Lilliput, land of the exile.

Lilliput Magazine was founded in 1937 by the Hungarian photographer Stefan Lorant. It was a quirky magazine featuring some of the best artists and photographers of that age.


  Walter Trier cover for Lilliput.

Lorant was a photographer and film maker working in Vienna, Munich and Berlin before the second world war. He edited the Munich Illustrated News (Münchner Illustrierte Press) putting him against the emerging far right Nazi party in their homelands.

Opposed to Adolf Hitler, Lorant was imprisoned on the 13th March 1933 — right after Hitler came to power. The Nazis then took control of the Munich Illustrated News where famously they printed articles about favourable conditions in the Dachau camps for prisoners.


 July 1933 — Cover of the now Nazi controlled ‘Berlin’ Illustrated Press with ideals of Nazi fitness and historical destiny.

Released after six months, Lorant made his way to England, where he wrote ‘I Was Hitler’s Prisoner’, a memoir. He then found work in Britain where he established and edited the Weekly Illustrated in 1934 until he then founded Lilliput Magazine.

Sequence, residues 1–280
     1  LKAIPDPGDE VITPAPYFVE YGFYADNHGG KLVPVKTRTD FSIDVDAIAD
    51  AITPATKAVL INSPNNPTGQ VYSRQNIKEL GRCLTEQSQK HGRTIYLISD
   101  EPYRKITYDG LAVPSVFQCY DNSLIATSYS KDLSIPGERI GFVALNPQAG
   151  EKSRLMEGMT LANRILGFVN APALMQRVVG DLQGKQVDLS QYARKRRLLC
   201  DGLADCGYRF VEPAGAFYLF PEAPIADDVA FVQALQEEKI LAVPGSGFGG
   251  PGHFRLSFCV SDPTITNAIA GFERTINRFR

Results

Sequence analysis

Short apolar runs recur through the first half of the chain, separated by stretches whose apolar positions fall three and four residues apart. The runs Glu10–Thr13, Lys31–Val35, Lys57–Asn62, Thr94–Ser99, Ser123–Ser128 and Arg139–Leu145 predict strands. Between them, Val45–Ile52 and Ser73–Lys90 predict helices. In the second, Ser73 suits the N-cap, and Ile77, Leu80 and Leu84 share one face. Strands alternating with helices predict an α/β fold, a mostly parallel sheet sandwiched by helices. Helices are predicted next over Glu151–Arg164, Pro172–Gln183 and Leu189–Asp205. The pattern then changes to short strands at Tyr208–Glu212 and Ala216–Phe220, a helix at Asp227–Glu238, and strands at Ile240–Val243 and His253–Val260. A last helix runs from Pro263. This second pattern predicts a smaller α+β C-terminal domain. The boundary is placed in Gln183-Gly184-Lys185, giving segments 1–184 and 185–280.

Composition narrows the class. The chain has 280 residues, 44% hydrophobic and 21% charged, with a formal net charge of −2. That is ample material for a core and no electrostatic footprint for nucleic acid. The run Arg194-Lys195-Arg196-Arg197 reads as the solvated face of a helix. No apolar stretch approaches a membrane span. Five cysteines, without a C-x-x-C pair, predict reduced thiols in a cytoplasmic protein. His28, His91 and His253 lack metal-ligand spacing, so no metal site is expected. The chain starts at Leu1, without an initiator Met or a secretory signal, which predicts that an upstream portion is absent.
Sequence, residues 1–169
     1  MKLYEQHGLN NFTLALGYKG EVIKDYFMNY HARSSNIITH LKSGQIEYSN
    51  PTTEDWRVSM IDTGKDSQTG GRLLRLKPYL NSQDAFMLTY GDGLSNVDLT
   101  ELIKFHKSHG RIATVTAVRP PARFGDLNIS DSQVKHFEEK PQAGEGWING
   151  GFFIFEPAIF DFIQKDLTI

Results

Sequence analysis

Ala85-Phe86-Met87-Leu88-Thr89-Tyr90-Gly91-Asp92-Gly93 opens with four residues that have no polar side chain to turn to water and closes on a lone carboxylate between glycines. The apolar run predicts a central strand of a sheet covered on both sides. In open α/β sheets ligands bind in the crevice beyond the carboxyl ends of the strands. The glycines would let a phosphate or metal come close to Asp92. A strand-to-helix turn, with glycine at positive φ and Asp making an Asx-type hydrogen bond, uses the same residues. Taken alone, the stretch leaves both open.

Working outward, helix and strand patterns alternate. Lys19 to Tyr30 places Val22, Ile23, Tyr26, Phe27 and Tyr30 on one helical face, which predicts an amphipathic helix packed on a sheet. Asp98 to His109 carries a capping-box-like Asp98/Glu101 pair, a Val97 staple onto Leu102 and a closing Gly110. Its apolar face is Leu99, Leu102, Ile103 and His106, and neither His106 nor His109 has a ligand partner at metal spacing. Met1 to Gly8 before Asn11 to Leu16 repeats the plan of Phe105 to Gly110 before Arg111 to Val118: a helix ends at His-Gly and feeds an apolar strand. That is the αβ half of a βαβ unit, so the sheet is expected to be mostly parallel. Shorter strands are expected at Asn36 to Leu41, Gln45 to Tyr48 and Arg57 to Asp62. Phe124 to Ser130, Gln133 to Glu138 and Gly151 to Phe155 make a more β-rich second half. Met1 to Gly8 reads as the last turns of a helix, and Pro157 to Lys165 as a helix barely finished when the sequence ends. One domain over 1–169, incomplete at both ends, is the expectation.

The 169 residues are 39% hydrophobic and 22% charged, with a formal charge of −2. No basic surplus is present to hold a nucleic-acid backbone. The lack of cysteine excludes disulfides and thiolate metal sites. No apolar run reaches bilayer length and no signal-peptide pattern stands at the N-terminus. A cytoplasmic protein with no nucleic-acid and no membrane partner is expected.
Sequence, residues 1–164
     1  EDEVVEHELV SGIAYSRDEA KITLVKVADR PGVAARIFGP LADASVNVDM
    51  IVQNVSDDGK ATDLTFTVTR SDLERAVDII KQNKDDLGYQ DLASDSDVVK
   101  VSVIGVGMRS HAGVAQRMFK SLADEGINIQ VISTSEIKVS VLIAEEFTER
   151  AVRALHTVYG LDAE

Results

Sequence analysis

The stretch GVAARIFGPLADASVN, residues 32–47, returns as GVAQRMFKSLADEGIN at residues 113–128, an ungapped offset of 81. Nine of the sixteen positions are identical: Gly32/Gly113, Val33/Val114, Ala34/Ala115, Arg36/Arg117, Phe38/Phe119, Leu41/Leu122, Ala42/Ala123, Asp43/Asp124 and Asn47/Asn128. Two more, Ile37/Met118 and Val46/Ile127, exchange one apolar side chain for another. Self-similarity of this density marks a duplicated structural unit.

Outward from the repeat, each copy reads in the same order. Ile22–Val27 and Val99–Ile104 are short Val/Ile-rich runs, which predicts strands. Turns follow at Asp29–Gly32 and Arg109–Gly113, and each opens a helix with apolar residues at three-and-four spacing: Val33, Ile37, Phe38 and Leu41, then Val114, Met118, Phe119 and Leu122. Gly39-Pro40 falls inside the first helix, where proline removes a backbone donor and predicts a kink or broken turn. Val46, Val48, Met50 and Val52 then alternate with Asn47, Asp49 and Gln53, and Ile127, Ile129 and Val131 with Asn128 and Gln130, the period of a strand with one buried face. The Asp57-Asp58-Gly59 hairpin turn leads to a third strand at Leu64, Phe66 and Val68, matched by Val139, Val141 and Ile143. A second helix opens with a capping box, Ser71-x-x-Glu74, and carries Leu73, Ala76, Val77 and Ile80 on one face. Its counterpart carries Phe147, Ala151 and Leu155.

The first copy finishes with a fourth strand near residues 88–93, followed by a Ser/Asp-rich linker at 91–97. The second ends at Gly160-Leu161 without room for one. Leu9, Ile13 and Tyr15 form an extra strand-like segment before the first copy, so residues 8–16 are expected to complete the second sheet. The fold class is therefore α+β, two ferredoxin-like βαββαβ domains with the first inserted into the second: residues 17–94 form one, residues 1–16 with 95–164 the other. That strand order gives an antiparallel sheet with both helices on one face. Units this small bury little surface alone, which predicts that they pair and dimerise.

Below are some picture spreads from Lilliput magazine. Mostly contemporary pictures linked with a comic line. They really are fascinating to the spirit of the age, mixed with fun.


 The Ruler of Germany — The Terror of the Zoo


 Mother and Daughter — The Debutante


 Naga Warrior — Josef Goebels, German Propaganda Minister


 This little dog is so dangerous that it has to be changed up — “We are free to pursue our policy” Julius Streicher, German Jew-Baiter.

Some the best spreads of Lilliput’s history where made into a book called 101 Best Picture Comparisons From Lilliput or Chamberlain and the Beautiful Llama.

It was the art of using photos of narrative that was new and Lorant was one of the first people to use only photographs to tell a story without words.

In 1938 Lorant became the editor of Picture Post. While researching for an issue in America he decided to move from Britain to the United States in 1940, he became a naturalised US citizen in 1943. In 1993 Lorant was awarded the International Centre of Photography’s ‘Lifetime Achievement’ Award. He died in Rochester, Minnesota on November 14, 1997.